I thought a lot about this when we were first getting into index funds.  (Also realizing that we'd have the same issues with 401K's or other types of retirement investments.) 

I do feel coerced into alliance with companies that are wrecking our world, and into an overall economic system that has a lot of cruelty built into it.

You either hitch yourself to the wagon of stocks/investments, or face an old age of poverty, since un-invested savings will lose value with inflation.  There just aren't a lot of other great options in our society.

This may be a controversial or unwelcome view, but I won't lie, I do feel guilt.  Ultimately I hope that I can live a good life in other ways that make up for it. 

maizeman

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Re: Are index funds unethical?
« Reply #13 on: September 22, 2019, 07:38:23 AM »
Wow, that is by far the clearest way of explaining it I've heard @seattlecyclone !

I do feel coerced into alliance with companies that are wrecking our world, and into an overall economic system that has a lot of cruelty built into it.

You either hitch yourself to the wagon of stocks/investments, or face an old age of poverty, since un-invested savings will lose value with inflation.  There just aren't a lot of other great options in our society.

While I don't think it is as cut and dried as that (see discussions above) since you do surely there are options open to you beyond alliances with companies that are wrecking the world and leaving your money in the bank to lose value to inflation?

What about investing in individual stocks of companies with strong ethical track records? An investment account split between, say, Patagonia, the Dr. Pepper/Snapple Group, and Etsy and a half dozen other similar companies is going to be way more volatile and risky than one invested in index funds, but still will almost certainly outperform cash over the super long run.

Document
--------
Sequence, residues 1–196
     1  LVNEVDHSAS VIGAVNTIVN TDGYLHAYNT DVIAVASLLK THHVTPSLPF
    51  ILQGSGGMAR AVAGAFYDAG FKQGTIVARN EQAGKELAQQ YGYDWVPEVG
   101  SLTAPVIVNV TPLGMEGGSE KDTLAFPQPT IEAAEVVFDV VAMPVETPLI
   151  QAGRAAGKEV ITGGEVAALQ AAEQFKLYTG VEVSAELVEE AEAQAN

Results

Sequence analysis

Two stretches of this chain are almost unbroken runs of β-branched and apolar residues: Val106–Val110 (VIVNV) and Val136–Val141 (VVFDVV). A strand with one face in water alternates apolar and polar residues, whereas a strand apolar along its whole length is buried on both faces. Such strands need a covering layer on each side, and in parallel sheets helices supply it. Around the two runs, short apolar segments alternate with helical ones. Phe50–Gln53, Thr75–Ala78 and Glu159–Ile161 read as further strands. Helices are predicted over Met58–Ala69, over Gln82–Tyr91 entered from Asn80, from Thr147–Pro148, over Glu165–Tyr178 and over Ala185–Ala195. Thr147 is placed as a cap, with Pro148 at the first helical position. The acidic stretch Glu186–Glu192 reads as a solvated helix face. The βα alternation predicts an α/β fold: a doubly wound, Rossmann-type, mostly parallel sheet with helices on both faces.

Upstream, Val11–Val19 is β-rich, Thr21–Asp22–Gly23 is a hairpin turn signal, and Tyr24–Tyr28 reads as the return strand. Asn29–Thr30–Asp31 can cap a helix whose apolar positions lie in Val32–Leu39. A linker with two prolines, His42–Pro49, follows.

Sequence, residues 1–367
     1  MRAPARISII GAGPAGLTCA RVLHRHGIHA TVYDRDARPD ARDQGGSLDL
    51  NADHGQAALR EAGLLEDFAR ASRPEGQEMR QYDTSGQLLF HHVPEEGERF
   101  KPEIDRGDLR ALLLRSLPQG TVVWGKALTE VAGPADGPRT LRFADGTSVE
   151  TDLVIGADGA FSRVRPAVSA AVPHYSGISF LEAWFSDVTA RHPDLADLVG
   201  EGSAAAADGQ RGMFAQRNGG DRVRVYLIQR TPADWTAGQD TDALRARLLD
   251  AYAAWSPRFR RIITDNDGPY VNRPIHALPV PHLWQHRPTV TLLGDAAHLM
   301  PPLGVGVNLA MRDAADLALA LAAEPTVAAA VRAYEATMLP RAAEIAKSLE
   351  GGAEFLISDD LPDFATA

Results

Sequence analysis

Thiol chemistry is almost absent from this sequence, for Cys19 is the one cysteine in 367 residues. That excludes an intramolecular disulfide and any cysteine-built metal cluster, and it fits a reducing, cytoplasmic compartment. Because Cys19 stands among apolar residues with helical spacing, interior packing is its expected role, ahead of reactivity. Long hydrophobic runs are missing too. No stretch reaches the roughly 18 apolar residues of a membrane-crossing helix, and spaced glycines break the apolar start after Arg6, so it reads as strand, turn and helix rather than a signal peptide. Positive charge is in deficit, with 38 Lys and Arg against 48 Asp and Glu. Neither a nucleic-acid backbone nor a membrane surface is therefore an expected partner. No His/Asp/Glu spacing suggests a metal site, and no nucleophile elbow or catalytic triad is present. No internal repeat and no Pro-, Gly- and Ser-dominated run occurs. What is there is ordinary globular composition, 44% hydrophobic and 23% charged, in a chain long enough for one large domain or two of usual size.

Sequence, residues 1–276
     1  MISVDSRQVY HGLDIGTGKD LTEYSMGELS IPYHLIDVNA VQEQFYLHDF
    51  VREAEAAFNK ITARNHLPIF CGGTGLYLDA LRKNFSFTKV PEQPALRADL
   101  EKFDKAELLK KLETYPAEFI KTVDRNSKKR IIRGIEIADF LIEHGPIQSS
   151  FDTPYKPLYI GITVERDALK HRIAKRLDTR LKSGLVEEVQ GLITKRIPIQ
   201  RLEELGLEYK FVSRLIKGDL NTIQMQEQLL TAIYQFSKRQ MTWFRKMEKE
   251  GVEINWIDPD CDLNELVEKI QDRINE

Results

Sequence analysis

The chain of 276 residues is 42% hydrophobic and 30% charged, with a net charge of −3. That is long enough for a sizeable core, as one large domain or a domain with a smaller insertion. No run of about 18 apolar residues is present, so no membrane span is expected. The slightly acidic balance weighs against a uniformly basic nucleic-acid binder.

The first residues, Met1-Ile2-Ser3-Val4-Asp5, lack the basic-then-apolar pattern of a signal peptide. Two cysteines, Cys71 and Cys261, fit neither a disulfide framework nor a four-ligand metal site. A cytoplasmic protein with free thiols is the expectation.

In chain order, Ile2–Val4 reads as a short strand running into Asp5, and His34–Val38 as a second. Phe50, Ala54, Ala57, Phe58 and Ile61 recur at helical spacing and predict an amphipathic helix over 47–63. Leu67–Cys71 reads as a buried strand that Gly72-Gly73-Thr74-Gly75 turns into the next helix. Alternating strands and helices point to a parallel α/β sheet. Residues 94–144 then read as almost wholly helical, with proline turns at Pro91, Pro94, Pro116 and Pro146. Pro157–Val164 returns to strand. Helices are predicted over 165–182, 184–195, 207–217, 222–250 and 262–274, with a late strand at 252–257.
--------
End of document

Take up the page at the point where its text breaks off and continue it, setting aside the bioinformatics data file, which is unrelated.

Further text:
Or if that doesn't sound good, what about buying and renting out some real estate? Significantly more hands on than index fund investing but still far better long term prospects than letting money simply pile up in a bank account.

undercover

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Re: Are index funds unethical?
« Reply #14 on: September 22, 2019, 09:28:50 AM »
^ I agree, but they did mention "there just aren't a lot of other great options in our society."

I don't consider investing in individual stocks or real estate as great options given the data and/or the amount of work involved.

I think one just has to accept that humanity is humanity, no one individual or group is isolated from the larger whole, and "good" and "evil" do not necessarily exist. On the flip-side, investing in index funds may be the most ethical thing you can do because as a whole we are living much better lives than we were one hundred years ago and it's due to the collective effort of all the companies and government involved. Good wouldn't exist if bad didn't.

maizeman

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Re: Are index funds unethical?
« Reply #15 on: September 22, 2019, 09:37:01 AM »